• Written by Emily Armanetti
    15 October 2014

Above: A sea turtle passes by the hero shoot on her way back to sea after laying nearly 100 eggs at a nearby nesting site. From left: Hendri and Andi Priansyah of POKMASWAS Kambau Borneo; Yanto Aldiani Anong and Agri Aditya Fisesa of WWF-Indonesia. Paloh, Indonesia, August 2014. Photo credit: Des Syafrizal

Conservation organisation WWF (World Wildlife Fund For Nature) works in 100 countries around the world to protect the future of nature. WWF-Indonesia is running a number of conservation programmes across Indonesia and has long been handling the monitoring on the ground for various themes and issues – from marine, freshwater and forest ecosystems through to socio-economic demography mapping. The resulting data has been significantly acknowledged by governments and partners, as well as media institutions, and the public.
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Above: Members of the team responsible for monitoring bycatch and fisheries pose in the sea port. From left: Fahrul Armalinsyah and Muharram Puspito Aji Nugroho of TAKA Foundation; Hermanto, POKMASWAS Kambau Borneo; and Dimas Eko Prasetyo of WWF-Indonesia. Paloh, Indonesia, August 2014. Photo credit: Des Syafrizal

For most sea turtles species, the cycle of returning to land to nest is a must, otherwise generations will be lost. But doing so safely is a race against egg poachers and, these days, is made even more challenging by coastal abrasion caused by the rising sea level. Marine biologists believe that only one in one thousand sea turtle hatchlings can survive into adulthood. The threats from egg consumption, meat consumption, pollution in the sea, and bycatch in the fisheries industry loom large.

The conservation work on sea turtle protection and its cross-cutting issues, such as the fisheries industry, shoreline development, and friendly tourism development, continues and often involves multi-country initiatives. On this basis, sea turtle conservation typically involves diplomacy and advocacy work based on mapping the nesting site, as well as the breeding and feeding ground, which could span many nations.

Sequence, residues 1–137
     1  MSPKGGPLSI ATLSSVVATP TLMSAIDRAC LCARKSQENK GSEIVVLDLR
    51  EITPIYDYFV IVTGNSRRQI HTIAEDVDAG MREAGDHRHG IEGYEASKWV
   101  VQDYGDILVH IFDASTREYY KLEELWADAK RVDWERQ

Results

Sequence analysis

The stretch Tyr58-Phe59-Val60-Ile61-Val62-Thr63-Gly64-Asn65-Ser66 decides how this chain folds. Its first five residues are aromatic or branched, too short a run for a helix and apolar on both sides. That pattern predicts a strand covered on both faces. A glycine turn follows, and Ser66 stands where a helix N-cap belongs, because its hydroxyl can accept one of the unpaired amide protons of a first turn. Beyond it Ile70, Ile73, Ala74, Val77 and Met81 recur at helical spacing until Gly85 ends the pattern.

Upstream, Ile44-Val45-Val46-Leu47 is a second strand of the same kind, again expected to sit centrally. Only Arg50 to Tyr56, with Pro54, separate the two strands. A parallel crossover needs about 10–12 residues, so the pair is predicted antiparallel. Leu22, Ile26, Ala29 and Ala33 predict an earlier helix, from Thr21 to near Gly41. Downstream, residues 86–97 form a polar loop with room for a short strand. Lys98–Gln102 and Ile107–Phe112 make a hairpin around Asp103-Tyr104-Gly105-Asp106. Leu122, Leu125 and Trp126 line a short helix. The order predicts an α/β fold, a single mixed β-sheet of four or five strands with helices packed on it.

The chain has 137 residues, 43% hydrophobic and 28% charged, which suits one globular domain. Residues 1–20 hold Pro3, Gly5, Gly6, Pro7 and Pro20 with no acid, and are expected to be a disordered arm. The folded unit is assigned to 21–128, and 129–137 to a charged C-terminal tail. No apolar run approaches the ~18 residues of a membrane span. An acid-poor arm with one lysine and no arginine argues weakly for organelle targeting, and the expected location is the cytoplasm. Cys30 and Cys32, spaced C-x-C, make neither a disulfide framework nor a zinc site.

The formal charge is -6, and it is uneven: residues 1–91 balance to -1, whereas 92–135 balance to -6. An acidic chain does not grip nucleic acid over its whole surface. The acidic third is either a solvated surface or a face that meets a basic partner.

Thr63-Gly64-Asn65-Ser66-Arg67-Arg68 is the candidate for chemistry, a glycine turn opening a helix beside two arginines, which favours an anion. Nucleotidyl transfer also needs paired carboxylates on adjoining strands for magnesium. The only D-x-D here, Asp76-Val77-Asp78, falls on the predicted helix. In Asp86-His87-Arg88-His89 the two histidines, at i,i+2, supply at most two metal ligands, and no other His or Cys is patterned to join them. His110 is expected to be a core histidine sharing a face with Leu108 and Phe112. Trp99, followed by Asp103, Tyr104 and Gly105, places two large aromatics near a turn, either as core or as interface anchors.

The importance of mapping these “ambassadors of the sea” adds another dimension to the work of WWF-Indonesia, particularly given the need to manage a large-scale database and open-government data for sustainable development. This has driven the need to work with Akvo’s tools. For Akvo, the engagement with WWF-Indonesia and its conservation work is fresh, new territory.

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What’s happening here?
WWF-Indonesia is using Akvo tools to collect data on bycatch in the fishery sector, and to map the nesting sites of sea turtles across Indonesia so they can be better protected. Working with implementing partners TAKA Foundation and POKMASWAS Kambau Borneo, WWF-Indonesia has used Akvo FLOW to map more than 3,800 data points to date and the organisation continues using FLOW for additional data point mapping.
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Above: Data points on the WWF-Indonesia Akvo FLOW map.

The integrated data from this monitoring will establish a new milestone in the marine-related database, and will help officials to assemble formal policy and regulation based on reliable and actual data from the field. For WWF-Indonesia, this will be another great achievement and will demonstrate that this type of data can be used to support continued engagement with the Government of Indonesia on the issue of sustainable development. This is the first integrated marine database online in Indonesia and can be easily shared by WWF-Indonesia’s stakeholders and partners.

Emily Armanetti is communications manager at Akvo, based in New York.

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